A Law and Finance Approach
Chapter 7: Concluding observations
This book promised a contemporary approach to understanding the funding dynamics of its protagonist – the bank – and trends in its regulation. Rather than suggest how bank failure may be reduced (a worthy goal but not mine here), this book has laid out a framework for analyzing the internal funding structure of a bank and appreciating its points of contact with external financing markets. In concluding, let me briefly recapitulate the main points.
First, bank funding should be seen as an organic notion that captures the financial consequences to the bank of acting as an intermediary. Historically, these activities revolved around the bank’s conversion of demand deposits into longer-term assets such as fixed-rate mortgages. Today, the bank’s intermediation is more complex, in part because of the bank’s involvement in a credit market organized around the originate-to-distribute model. The notion is a funding relevancy argument that links the bank’s internal financial structure to its role as an intermediary and its place in the liquidity value chain. In doing so, it also points to a concrete set of institutions and practices – how firms finance and refinance their short-term position, contingent liabilities, collateral markets – that help to unpack systemic risk and financial stability, two important post-crisis mantras that remain fuzzy. Both ideas will require regulators, academics, and lawmakers to better map the evolving patterns of funds flow in the credit market.
The funding mechanism integrates the bank’s funding liquidity and its capacity for loss absorption. Funding liquidity refers to the bank’s ongoing ability to successfully meet its payment and outflow obligations. To this end, the bank’s liability structure plays a key role in fixing the timing and amount of these obligations. The bank’s assets also impact its funding liquidity because they can provide liquid resources with which to meet payment obligations. While funding liquidity addresses the bank’s routine operations over a relatively short-term horizon, the bank’s loss-absorption comes into play only in exceptional circumstances when financial losses mount. In this situation, the bank’s equity cushion determines how much loss it can absorb during a market downturn.
Second, within funding the money position occupies a special place deserving sustained and focused attention. An interval that spans the bank’s intra-day, overnight and short-term financial structure, the money position is the bank’s threshold for survival as a financial intermediary. In important ways, the money position is the true locus of the bank’s intermediation because it is there that the bank transforms funds and credit inputs (from the right side of the balance sheet) into new asset outputs. These transformations occur as an intended byproduct of settlement, funds transfer, collateral exchanges and a variety of operational tasks not visible to bank consumers. When the federal government provides back-up funding to a borrowing bank, it is to help keep the money position performing liquidity intermediation.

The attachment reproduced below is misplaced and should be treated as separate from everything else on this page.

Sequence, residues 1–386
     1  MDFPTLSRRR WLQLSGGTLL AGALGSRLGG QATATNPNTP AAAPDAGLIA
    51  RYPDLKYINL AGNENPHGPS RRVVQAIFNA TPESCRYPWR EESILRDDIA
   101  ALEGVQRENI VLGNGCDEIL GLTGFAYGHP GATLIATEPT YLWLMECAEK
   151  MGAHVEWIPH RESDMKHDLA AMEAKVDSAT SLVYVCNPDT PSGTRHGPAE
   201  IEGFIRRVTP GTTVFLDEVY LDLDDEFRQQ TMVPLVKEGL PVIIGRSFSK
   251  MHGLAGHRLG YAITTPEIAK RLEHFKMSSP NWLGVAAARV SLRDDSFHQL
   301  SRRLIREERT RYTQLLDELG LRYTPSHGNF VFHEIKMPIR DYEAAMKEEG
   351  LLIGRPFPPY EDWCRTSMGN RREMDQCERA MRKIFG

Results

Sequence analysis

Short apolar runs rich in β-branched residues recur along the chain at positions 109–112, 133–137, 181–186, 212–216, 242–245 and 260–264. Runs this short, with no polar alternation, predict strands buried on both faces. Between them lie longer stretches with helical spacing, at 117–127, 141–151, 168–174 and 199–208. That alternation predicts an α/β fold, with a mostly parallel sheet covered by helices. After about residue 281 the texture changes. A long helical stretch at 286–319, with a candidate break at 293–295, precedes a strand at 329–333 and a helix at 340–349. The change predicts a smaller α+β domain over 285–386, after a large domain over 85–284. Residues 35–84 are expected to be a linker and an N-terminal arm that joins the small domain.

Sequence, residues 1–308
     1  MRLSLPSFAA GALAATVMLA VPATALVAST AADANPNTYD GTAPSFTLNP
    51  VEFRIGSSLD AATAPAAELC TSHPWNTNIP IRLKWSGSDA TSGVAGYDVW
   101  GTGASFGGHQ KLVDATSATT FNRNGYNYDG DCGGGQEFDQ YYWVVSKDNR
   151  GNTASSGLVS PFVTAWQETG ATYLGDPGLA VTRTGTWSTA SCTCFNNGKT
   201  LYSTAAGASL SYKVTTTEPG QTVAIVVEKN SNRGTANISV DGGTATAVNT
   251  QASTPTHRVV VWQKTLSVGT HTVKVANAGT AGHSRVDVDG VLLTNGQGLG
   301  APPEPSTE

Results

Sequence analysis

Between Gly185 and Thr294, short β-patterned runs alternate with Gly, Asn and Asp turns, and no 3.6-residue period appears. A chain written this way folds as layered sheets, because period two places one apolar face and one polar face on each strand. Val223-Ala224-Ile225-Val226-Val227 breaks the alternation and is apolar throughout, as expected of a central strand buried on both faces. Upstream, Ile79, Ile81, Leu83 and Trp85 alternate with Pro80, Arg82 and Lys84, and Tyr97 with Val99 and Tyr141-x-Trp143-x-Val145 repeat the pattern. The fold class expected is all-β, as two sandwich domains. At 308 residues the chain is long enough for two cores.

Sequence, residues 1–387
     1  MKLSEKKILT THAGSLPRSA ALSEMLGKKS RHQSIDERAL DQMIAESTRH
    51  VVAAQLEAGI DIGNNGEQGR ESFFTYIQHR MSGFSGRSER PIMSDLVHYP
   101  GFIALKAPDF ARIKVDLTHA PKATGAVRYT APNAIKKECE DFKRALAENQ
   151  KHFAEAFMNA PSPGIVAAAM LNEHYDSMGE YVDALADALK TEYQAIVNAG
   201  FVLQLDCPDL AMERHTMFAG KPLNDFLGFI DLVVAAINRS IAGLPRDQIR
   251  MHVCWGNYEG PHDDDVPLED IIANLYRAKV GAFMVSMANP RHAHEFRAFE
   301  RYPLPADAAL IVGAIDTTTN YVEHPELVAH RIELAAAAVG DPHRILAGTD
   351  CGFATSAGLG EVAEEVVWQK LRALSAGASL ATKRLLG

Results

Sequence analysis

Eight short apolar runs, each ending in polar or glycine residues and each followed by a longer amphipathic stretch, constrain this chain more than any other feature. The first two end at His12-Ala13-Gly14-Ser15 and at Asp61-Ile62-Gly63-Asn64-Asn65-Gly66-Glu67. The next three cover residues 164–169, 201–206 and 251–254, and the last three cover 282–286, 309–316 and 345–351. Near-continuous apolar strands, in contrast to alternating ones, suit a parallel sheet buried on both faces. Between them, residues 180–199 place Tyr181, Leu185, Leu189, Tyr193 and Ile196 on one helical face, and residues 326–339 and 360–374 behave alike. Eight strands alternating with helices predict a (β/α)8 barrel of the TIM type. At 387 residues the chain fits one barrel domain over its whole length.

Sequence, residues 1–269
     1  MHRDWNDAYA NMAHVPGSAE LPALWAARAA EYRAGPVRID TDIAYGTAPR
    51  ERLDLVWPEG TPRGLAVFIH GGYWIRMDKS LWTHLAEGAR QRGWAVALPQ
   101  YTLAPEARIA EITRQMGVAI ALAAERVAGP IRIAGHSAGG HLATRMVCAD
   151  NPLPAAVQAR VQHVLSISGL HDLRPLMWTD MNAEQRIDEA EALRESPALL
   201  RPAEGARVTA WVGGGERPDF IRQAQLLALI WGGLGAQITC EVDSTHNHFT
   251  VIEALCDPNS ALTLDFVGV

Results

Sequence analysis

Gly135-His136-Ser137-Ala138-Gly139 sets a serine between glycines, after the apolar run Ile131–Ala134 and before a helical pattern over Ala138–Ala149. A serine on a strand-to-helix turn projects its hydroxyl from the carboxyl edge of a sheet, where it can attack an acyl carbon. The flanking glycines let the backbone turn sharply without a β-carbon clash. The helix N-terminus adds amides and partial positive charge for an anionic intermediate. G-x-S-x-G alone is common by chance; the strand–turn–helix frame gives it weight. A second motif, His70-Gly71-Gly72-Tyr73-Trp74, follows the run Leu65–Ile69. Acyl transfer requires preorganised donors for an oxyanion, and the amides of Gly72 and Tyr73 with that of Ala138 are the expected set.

Though the 2007–2008 crisis impacted different kinds of financial intermediaries, disruption of the money position was a common factor. Whether the disruption occurred due to interruption of securities financing markets (Bear Stearns), the burden of unprovisioned-for liabilities that suddenly mature (AIG), inadequate resources to meet daily redemption requests (money market mutual funds), or asset congestion on pipelines to moribund secondary markets (banks and many others), these problems became emergencies justifying public intervention only when they threatened the operational integrity of the money position. The turning point came with the Federal Reserve’s financial rescues because they reanimated the ability of depository banks, dealer banks and other non-bank intermediaries to successfully manage their money position. Reflecting the regulatory learning from these episodes, the liquidity coverage ratio directly targets the bank’s money position. If the ratio works as intended, banks should sustain higher levels of liquid assets, which should reduce the likelihood that they will turn to the central bank for emergency liquidity.
Third, bank funding regulation – including prudential regulation – should be seen as a unified discipline that targets bank funding (for both public and private interests) rather than as a series of unrelated requirements. Not surprisingly, some have suggested that capital and liquidity should be seen as somewhat substitutable.1 The current prudential regime emphasizes the bank’s short-term liquidity – as exemplified by the liquidity coverage ratio – and its loss-bearing capacity. Soon, the net stable funding ratio will impose important constraints on the bank’s funding liquidity over a one-year horizon. Working in tandem, the liquidity coverage ratio and the net stable funding ratio may rebalance the traditional financial mismatch intrinsic to the borrow-short/lend-long model, raising questions about whether banks remain special as liquidity intermediaries. To a certain extent, this rebalancing will mean that banks earn less on some assets (the most liquid ones) and pay more for longer-term funding, something that will impact the bank’s net interest margin. In time, regulation may also address the swathe of liabilities beyond the one-year horizon and before permanent capital begins. As funding regulation continues to evolve, this book’s approach will provide a useful framework for understanding new regulations.